Illegitimi non carborundum!
After a suspect tried to wrest one cop’s duty weapon from its holster, his backup shot the suspect, ending the confrontation — but the fight was still on, in the courts, in the legislature, on the Internet
On November 9, 2004, Officer Erich R. Strausbaugh of the Kenosha (Wisc.) Police Department made a vehicle contact that some would say “went south.” The driver quickly exited and shoved his hands in his pockets and ignored Strausbaugh’s commands to get back into the vehicle. There was a rigorous struggle and the TASER was used without success. The driver was taken to the ground, but Bell was able to push himself back up to his feet and drive Strausbaugh, who now was being assisted by another officer, backward, slamming him into a vehicle. Bell grabbed Strausbaugh’s duty weapon and attempted to wrest it from its holster. Strausbaugh struggled to retain his weapon, but shouted to the other officers at the scene, “He’s got my gun!”
A backup officer saw the struggle taking place over the weapon and perceived his fellow officer’s life was in danger. He shot Bell, ending the fight. The officers survived, but in law enforcement there are many challenges to be overcome.
The campaign was negative, accusatory and Strausbaugh and the other officers involved found themselves under siege, for nearly six years. All media accounts on the incident, reported that the suspect was “unarmed.” Every officer, who has been in a fight over their weapon on the street and who has survived, knows this is a misrepresentation of the reality of the moment. When the struggle over the weapon is undecided the suspect is either arming himself, or armed. Many officers can’t come forward to correct the record on this point, because their assailants have shot and killed them.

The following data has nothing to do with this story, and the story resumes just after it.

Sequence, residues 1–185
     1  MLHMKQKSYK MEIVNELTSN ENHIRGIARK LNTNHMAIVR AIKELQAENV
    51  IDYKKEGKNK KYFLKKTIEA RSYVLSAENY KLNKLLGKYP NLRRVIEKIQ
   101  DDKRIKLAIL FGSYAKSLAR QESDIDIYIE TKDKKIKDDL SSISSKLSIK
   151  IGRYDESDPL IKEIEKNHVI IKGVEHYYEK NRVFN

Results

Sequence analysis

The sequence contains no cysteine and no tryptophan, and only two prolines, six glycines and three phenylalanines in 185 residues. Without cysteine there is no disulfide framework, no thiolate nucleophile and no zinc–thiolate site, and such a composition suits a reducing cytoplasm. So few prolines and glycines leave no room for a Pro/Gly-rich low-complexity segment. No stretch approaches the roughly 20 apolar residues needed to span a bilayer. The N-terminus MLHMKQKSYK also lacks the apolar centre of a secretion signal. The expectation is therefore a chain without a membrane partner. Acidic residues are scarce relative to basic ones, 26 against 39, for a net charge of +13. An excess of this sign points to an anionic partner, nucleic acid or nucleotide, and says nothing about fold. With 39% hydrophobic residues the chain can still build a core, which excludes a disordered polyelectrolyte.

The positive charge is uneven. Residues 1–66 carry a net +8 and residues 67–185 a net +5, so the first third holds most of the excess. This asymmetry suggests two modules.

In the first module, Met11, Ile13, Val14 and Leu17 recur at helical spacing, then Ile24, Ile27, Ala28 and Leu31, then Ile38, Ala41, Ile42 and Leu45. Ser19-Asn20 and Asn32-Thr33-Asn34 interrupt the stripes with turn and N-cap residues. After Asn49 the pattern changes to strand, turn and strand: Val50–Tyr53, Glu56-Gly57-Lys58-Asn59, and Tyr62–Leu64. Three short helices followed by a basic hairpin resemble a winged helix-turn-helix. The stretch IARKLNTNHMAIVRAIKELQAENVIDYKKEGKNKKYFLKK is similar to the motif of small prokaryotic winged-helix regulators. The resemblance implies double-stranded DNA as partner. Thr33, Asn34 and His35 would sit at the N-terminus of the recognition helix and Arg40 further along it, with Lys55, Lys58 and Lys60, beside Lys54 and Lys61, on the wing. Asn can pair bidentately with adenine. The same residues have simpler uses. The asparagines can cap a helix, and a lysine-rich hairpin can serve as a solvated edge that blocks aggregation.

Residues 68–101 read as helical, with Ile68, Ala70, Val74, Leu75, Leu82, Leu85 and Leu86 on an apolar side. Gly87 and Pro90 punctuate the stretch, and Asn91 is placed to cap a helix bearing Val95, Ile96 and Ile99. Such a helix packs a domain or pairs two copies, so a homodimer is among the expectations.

A Politician Joins the Fray
The Chief of Police John Morrissey released this statement on the decision to settle:
“It is a sad day in this country when insurance companies are allowed to settle a case based on dollars, rather than what is just and right. It is disappointing and regrettable that the officers and the city of Kenosha were not afforded the opportunity to have the case heard by a jury, as I am confident the jury would have ruled the use of deadly force was justified.”
Politician Gets Involved
Officer Eric Strausbaugh struggled to hold onto his weapon on November 9, 2004, when his life was in the balance and he was rescued by the back-up officer who he called to the scene for assistance. In the early morning hours of October 31, 2010 Officer Eric Strausbaugh’s life hung in the balance once again. This time he decided to not call for back-up. It is a struggle that he lost.
He killed himself.
Illegitimi Non Carborundum!
The younger officer looked up and asked, “What does that mean?”
The older officer patted the shoulder of the young officer and answered, “Don’t let the bastards get you down!”
God Bless Officer Strausbaugh. May he rest in peace.
For all the rest of you still hitting the streets every day, remember the words of the old veteran: “Illegitimi Non Carborundum!”
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